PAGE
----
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  • #6172
    rkapl
    Participant

    Dear All!

    We’ve discovered a Problem with the funding cost/benefit adjustment figure:
    Following the logic that expected positive exposures (after collateralisation) should lead to high(er) FCA and expected negative exposures to high(er) FBA, the results (and the source code, see OREAnalytics/postprocess.cpp, method PostProcess::updateStandAloneXVA(), line 646 ff.) suggest that that ORE calculates this reverted:

    `
    Real borrowingSpreadDcf = 0.0;
    if (!borrowingCurve.empty())
    borrowingSpreadDcf = borrowingCurve->discount(d0) / borrowingCurve->discount(d1) – oisCurve->discount(d0) / oisCurve->discount(d1);
    Real fbaIncrement = cvaS0 * dvaS0 * borrowingSpreadDcf * tradeEPE_[tradeId][j + 1];
    tradeFBA_[tradeId] += fbaIncrement;

    Real lendingSpreadDcf = 0.0;
    if (!lendingCurve.empty())
    lendingSpreadDcf = lendingCurve->discount(d0) / lendingCurve->discount(d1) – oisCurve->discount(d0) / oisCurve->discount(d1);
    Real fcaIncrement = cvaS0 * dvaS0 * lendingSpreadDcf * tradeENE_[tradeId][j + 1];
    tradeFCA_[tradeId] += fcaIncrement;

    Considering that funding costs depend on the borrowing spread and funding benefits on the lending spread, the above suggests even more an exchange of the two terms (see also Gregory, The xVA Challenge, page 343 on FVA calculation).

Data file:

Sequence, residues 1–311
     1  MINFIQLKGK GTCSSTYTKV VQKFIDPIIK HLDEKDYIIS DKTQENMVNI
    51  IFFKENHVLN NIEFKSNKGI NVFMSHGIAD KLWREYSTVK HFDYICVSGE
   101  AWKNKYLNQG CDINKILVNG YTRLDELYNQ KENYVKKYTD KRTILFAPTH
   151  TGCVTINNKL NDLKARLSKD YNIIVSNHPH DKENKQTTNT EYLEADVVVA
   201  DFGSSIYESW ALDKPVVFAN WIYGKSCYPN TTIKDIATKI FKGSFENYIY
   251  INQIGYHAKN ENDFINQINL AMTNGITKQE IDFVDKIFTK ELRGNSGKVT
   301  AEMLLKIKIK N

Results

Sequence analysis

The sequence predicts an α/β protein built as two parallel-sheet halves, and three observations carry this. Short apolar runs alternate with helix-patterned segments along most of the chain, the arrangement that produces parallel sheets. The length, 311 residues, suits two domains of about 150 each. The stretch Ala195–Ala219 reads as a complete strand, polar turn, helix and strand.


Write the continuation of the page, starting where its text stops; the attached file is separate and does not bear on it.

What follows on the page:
-regards,
    Roland

    #6173
    rkapl
    Participant

    To add some data to the topic, below the results from Example 10, modified to express an almost “perfect” CSA (0 MTA, 0 Threshold, 1D MarginingFrequency (Call/Post) and 2W MarginPeriodOfRisk):

    CSADetails/Bilateral: Bilateral
    NettingSetId CVA DVA FBA FCA
    CPTY_A 14.844 24.696 -2.332 11.789

    CSADetails/Bilateral: PostOnly
    NettingSetId CVA DVA FBA FCA
    CPTY_A 153.061 11.094 -23.768 5.307

    CSADetails/Bilateral: CallOnly
    NettingSetId CVA DVA FBA FCA
    CPTY_A 8.033 217.001 -1.270 102.676

    ActiveCSAFlag:false
    NettingSetId CVA DVA FBA FCA
    CPTY_A 146.251 203.399 -22.706 96.195

    -regards,
    Roland

    #6188
    Anonymous
    Inactive

    Hi Roland,

    ORE is using the methodology outlined in “Modern Derivatives Pricing and Credit Exposure Analysis” by Lichters, Stamm and Gallagher. In this the FBA and FCA labels are different to Gregory (in effect they are swapped), this is reflected in the code.

    The assumption here is that FBA and FCA is applied to an already collateralised trade, in that case an increase in EPE would mean that the exposure to your counterparty has increased, thus they must post more margin to you and thus you get a benefit, so an EPE increase leads to an FBA increase. Equally an ENE increase leads to an FCA increase. This is covered in Appendix A.5 of the user guide.

    Gregory on the other hand is considering an un-collateralised trade and considering the FBA and FCA on a collateralised hedging trade, this is why it appears the two labels are reversed.